Cheryl Hines: When Larry & Co. were auditioning actresses for his on-screen wife, they were looking for an unknown. If his on-screen wife was too famous, it wouldn’t be believable. Hines had spent years at the Groundlings Theater Company, which had trained comedy icons such as Tina Fey, Amy Poehler and Will Ferrell. Though Hines had the improv skills, she never reached the level of fame that those other names did. However, her Venn diagram — which combined comedic training and lack of exposure — made her the easy pick for Larry’s wife after she crushed the audition.
J.B. Smoove: My favourite character on the show is Leon. Played by Smoove — a stand-up who spent a few years writing on SNL — Leon became Larry’s roommate from Season 6 on. Smoove’s road to the role was pure serendipity. Smoove was in LA for one day for a friend’s funeral. “Curb” was coincidentally auditioning for the role right before his plane out of the city. SNL just let Smoove go as a writer and he was looking for work.
His new agent had a hook up at Curb and set up a read. Smoove explained his strategy on the Origins podcast, “I never walk into an audition as myself. I always walk in there as the character…who I'm portraying so they can see how I walk. How I move. How I say ‘hello’. Everything is under the character as opposed to JB going in the room and then doing the character.”
In character as Leon, he told Larry he might slap him. Smoove had so much swagger that the “Curb” team was confused. But he crushed the audition and had Larry in stitches. Before the audition, the “Curb” writers hadn’t fleshed out the Leon character. But when they saw Smoove, they knew that was “Leon” (he posted a clip of the audition on Facebook).
Hines and Smoove spent years grinding in the comedy game and "lucked" into their roles on Curb. However, anyone who has seen the show knows they deserve it.
Both stories are examples of increasing the surface area for luck.
The variable of luck is only going to get more important as more of the global workforce gets online and AI tools flatten technical and language skills. Why? Because the more people there are chasing a goal means the more people there are with comparable skill sets who are all “qualified”. Consequently, the deciding factor ends up being some form of “luck” (an event out of your control).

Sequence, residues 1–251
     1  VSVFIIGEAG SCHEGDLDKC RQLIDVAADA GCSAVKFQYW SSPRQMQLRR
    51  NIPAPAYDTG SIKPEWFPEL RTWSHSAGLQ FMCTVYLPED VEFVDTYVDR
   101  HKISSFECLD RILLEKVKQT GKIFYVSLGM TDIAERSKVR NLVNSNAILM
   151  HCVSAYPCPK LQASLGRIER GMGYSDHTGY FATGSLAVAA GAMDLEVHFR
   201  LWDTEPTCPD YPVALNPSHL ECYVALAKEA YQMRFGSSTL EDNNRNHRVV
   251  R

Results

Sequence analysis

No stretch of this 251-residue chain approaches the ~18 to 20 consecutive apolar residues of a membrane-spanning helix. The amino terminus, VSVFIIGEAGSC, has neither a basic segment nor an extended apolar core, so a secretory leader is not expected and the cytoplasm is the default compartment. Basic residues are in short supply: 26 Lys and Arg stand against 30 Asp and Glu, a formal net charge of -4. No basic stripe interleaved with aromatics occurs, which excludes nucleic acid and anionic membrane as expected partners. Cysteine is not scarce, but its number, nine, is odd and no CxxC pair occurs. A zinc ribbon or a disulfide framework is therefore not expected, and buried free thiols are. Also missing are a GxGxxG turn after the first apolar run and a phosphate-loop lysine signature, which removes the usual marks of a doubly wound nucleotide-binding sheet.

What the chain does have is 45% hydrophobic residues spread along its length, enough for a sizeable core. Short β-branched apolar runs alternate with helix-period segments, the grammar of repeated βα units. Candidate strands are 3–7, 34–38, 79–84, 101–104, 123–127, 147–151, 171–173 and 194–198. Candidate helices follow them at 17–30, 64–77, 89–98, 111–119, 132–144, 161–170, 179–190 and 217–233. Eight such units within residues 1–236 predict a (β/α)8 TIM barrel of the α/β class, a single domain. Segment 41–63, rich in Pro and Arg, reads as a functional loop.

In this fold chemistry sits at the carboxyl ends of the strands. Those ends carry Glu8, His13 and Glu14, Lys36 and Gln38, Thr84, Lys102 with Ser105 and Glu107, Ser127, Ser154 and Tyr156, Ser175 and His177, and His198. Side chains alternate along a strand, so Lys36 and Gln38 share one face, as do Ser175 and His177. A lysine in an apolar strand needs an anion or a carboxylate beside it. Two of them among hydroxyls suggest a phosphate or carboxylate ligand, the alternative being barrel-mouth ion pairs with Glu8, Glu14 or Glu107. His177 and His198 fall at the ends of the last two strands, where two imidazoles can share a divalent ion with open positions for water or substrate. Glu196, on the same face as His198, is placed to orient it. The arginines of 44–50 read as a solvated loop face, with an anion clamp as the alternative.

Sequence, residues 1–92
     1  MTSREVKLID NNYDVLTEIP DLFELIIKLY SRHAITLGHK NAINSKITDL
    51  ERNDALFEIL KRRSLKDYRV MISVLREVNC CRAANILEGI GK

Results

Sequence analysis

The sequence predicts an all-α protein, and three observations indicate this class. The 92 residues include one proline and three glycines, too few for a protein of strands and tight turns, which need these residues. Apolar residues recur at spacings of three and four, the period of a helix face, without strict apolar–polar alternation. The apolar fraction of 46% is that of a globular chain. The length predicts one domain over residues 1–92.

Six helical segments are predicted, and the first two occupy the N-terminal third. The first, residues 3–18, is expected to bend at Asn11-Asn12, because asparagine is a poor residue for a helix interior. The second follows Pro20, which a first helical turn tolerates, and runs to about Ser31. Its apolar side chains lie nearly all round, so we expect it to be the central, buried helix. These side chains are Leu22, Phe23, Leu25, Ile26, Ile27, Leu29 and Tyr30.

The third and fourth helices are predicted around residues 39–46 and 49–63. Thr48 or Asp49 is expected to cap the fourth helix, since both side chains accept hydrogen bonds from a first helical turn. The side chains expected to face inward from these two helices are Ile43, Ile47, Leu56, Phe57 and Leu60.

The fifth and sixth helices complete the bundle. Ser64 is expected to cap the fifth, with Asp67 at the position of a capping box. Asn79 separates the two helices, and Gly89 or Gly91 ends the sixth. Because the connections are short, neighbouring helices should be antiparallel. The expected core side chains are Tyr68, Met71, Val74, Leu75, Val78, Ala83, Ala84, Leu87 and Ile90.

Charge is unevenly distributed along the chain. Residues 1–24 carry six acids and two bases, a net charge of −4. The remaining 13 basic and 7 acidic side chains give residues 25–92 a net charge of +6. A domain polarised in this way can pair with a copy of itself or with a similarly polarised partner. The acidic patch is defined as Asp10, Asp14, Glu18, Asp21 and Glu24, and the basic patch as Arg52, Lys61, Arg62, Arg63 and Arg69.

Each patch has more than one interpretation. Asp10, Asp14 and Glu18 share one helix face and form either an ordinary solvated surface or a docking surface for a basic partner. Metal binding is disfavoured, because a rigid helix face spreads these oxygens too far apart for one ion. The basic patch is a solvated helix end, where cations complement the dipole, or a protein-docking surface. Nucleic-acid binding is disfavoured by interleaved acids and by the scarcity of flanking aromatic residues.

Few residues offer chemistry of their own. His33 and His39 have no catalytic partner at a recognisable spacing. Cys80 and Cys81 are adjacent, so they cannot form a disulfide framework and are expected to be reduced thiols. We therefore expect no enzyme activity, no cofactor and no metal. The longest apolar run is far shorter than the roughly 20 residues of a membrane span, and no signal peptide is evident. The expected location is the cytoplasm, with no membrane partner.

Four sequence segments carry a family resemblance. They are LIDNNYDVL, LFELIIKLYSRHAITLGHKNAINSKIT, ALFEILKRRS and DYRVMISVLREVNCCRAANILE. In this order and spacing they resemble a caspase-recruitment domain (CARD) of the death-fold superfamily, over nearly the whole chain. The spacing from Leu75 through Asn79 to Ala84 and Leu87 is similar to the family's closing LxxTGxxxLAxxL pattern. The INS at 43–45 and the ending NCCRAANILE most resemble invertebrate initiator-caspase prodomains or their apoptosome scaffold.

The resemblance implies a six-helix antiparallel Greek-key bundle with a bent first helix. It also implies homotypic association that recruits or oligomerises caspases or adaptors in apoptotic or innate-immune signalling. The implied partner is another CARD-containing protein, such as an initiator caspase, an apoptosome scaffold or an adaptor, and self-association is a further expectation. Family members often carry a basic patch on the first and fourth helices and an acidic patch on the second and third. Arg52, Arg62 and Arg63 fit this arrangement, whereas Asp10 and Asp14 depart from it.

So, make yourself a luck magnet.
That means working on your craft. Putting yourself out there. And — if you aren’t finding success or getting “lucky” — having a mindset focussed on moving forward instead of dwelling on the past.
In a 2020 conversation with GQ, Larry was very straightforward about the luck in his career:
“Let's face it, if Seinfeld doesn't come along, what happens to me, really? Here's what I think: I think I'm living in a studio apartment in New York. I think I'm miserable doing it. I think I hate everything and everybody, including myself most of all. I think I'm a guy walking down the street, screaming at people for slights like a bump-into without a sorry, things like that.”
That is pretty cynical and on-brand for Larry.
But his friends don’t seem to think that the success has actually changed him much as a person. Comedian Alan Zweibel says on the Origins podcast:
"If anyone has any doubt that God has a sense of humor, they should just remind themselves that they gave Larry a billion dollars. Okay? Because what's he going to do for angst? He thrives on that, on what's wrong in that thing. Is there any change in him? He goes out of his way not to have changed.
Like I said, he's generous. He's given jobs to people when they've needed it. He's extended himself. He lives in this really nice house and when I go out there, I stay with him. Okay, but you want to know something? I also stayed at that shitty apartment he had on West 43rd Street, so now it's a bigger, nicer place, but it's the same extension of graciousness."
Larry spoke to the New Yorker about why he kept working after Seinfeld: “You need a place to go. A place to go—that’s what my mother always instilled in me. You need a place to go. And you’re worthless unless you have a place to go. So I needed a place to go.”
Of course, Larry got lucky. But he was working his ass off before, during and after the big Seinfeld break.
With or without Jerry, it is pretty clear what Larry would have been doing for the past four decades: still trying to make people laugh with his unique sense of humor and observations on the world.
But I prefer living in the world where Jerry convinced him to do Seinfeld because we got Curb. This means we also got that absurd theme song (it’s called “Frolics” and was inspired by a community bank ad). Most importantly, it means we have hundreds of Larry and Leon scenes (including this 11-minute YouTube mash-up which will bring you to tears).
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Links and Memes
Apple Vision Pro Reviews: The Apple hype machine was in full effect this week. On Tuesday, top tech journalists dropped their Vision Pro reviews. On Thursday, Tim Cook was featured in a Vanity Fair cover story wearing the headset for the first time (many speculated he hadn’t worn them for months so he couldn’t be meme’d but it all looks like well-orchestrated PR). On Friday, the product shipped.